We Get Support From:
Become a Supporter 
 We Get Support From:
Become a Supporter 

Calif. High Speed Rail Flips Construction Plan

Ben Bradford/Capital Public Radio

An exhibit of the High Speed Rail Authority's planned initial operating line.

Ben Bradford/Capital Public Radio

The California High Speed Rail Authority has flipped its plans for the train. In a new draft plan announced Thursday, the authority would build the northern section of the rail line first.

The new draft plan calls for getting a line from San Jose to Kern County up-and-running by 2025, instead of the section from Burbank to Merced by 2022.

High Speed Rail Authority CEO Jeff Morales says he has enough money in hand to build the less-costly northern section.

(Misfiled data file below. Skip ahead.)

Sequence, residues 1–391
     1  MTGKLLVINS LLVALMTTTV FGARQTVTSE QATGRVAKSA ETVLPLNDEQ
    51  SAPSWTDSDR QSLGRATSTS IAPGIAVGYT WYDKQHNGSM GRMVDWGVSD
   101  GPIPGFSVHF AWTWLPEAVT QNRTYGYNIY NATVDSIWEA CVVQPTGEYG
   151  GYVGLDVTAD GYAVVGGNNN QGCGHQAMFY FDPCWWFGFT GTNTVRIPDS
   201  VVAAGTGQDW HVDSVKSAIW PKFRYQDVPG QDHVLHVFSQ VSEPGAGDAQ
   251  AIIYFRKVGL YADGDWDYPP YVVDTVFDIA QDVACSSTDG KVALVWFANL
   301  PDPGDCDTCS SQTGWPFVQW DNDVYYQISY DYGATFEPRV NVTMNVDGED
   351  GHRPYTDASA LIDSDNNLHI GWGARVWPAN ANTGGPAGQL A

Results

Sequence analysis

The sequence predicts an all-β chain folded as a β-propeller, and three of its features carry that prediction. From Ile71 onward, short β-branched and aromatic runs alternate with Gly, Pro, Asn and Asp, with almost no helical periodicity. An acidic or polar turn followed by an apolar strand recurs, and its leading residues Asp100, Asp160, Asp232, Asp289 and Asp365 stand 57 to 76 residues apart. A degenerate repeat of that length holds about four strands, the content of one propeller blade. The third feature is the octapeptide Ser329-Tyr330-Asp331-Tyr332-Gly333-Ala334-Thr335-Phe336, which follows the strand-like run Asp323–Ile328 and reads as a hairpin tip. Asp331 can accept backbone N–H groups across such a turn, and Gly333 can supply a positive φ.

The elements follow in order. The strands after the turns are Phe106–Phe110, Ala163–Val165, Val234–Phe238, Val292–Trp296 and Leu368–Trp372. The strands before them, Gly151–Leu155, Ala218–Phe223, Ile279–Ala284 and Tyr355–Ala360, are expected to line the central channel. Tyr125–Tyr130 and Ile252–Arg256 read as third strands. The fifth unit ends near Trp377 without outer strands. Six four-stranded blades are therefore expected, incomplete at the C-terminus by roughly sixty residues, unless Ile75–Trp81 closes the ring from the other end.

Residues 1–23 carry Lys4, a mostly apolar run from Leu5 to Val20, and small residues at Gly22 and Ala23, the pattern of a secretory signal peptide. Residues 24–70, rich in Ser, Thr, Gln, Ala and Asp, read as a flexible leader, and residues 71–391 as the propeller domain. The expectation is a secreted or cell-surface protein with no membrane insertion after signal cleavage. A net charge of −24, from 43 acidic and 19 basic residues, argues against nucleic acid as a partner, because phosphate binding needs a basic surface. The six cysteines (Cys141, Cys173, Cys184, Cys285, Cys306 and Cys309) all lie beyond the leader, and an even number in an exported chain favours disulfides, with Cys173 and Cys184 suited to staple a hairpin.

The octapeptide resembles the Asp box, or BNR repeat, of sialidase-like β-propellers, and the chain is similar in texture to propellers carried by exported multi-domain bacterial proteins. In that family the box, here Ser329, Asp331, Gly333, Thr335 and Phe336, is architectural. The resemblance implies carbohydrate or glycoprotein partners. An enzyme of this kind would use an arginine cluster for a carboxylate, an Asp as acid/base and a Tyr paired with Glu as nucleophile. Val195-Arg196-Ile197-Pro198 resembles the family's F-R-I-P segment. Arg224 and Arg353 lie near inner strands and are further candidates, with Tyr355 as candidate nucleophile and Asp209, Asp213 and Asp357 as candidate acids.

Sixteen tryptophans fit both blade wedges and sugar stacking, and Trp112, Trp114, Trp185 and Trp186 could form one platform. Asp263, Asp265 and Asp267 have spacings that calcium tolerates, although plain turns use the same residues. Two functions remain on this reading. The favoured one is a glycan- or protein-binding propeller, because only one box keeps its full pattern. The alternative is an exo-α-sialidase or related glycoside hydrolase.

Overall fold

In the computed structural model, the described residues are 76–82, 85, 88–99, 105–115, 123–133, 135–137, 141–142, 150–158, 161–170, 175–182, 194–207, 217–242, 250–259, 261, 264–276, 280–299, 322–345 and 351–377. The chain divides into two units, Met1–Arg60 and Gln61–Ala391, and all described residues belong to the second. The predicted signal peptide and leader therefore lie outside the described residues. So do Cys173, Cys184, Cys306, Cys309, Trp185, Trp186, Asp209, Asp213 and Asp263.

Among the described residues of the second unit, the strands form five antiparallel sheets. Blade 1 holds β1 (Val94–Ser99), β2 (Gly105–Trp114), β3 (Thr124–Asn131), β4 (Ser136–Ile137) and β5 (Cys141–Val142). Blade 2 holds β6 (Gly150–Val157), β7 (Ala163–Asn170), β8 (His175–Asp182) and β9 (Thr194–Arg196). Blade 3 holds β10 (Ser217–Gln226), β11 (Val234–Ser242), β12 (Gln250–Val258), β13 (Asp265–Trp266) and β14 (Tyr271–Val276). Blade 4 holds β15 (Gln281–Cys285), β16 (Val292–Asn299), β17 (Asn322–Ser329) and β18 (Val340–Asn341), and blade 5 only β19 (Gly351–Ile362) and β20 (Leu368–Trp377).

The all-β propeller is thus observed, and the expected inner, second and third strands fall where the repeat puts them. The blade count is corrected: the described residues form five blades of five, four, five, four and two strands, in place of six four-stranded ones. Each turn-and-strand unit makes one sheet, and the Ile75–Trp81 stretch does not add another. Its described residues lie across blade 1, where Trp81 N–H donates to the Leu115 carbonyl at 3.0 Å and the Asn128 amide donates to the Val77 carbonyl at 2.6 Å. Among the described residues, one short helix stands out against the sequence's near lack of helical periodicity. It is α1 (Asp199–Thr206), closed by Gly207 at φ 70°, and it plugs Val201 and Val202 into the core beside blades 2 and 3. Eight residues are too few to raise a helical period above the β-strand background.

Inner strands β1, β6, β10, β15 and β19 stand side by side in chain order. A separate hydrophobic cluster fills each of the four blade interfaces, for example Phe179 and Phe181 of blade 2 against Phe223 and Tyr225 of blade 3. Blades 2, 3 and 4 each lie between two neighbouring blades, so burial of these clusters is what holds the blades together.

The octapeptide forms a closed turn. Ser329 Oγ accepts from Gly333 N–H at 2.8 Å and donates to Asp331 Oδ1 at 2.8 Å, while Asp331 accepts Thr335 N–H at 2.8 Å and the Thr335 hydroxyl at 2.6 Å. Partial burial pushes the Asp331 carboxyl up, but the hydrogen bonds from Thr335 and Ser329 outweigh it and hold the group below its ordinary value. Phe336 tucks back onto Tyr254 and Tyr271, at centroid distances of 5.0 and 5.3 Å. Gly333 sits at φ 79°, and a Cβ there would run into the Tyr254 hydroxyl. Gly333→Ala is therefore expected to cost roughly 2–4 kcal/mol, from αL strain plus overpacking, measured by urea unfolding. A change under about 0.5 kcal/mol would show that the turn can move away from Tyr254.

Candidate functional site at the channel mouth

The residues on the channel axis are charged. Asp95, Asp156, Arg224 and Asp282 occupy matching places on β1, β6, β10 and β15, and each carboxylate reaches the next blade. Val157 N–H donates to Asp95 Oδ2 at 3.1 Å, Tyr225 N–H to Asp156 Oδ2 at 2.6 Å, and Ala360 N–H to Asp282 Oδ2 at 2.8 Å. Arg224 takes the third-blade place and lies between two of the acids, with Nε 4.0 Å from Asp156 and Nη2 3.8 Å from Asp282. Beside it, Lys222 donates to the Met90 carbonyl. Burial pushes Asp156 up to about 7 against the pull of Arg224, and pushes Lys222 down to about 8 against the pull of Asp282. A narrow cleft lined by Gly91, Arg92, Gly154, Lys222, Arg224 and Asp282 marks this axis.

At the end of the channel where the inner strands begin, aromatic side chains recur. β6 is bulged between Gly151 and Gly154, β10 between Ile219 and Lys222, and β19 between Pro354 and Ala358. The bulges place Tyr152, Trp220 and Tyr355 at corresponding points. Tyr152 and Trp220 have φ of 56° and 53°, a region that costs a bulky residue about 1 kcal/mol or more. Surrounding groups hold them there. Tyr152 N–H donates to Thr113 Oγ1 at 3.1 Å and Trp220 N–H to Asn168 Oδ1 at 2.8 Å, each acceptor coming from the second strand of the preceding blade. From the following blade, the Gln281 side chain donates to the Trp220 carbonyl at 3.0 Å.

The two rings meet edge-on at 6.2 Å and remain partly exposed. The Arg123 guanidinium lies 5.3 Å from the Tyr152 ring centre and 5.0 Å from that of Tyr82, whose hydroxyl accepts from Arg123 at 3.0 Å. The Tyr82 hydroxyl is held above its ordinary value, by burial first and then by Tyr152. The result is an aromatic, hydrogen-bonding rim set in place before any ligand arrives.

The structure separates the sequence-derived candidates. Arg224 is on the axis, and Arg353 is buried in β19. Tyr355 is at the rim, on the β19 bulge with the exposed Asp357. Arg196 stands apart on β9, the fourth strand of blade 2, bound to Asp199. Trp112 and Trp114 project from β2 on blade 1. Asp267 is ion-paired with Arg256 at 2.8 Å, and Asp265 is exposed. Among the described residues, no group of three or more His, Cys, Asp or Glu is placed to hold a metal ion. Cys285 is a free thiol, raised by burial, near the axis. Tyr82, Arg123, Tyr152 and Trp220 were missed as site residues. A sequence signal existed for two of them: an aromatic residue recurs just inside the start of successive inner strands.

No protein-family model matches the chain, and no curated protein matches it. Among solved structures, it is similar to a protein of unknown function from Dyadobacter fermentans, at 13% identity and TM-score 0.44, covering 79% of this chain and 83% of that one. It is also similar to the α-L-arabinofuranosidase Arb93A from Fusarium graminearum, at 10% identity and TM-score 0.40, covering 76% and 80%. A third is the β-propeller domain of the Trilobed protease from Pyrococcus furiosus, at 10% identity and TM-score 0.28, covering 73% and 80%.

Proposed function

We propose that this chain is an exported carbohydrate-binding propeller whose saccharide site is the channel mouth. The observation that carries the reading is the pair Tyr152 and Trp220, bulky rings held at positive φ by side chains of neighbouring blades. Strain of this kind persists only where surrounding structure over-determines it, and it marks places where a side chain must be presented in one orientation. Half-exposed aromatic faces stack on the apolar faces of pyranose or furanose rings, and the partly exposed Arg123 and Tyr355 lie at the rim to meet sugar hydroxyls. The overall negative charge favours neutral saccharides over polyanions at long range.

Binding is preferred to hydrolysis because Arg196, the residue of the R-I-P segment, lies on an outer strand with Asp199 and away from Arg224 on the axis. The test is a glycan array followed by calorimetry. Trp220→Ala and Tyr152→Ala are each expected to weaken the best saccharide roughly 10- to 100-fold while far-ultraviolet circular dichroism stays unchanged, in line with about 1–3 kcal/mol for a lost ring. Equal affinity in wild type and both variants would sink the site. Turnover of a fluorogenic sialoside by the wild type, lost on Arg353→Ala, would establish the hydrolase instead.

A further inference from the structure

"Within the funding stream that we can project, we can’t build the entire southern section," Morales says. So, the prudent thing to do is build what we can build and get to an operating segment."

The northern section is projected to account for $20 billion of the rail line's $62 billion cost. That total cost estimate is also lower than previous plans, which projected $68 billion. Instead of building that segment first, the authority would spend another $2 billion to increase service from Anaheim to Burbank, bringing the total project cost to $64 billion.

The authority is banking that once the northern segment is operational, private investors will help fund the southern corridor.

To complete service to San Francisco, the authority wants to once again seek federal investment.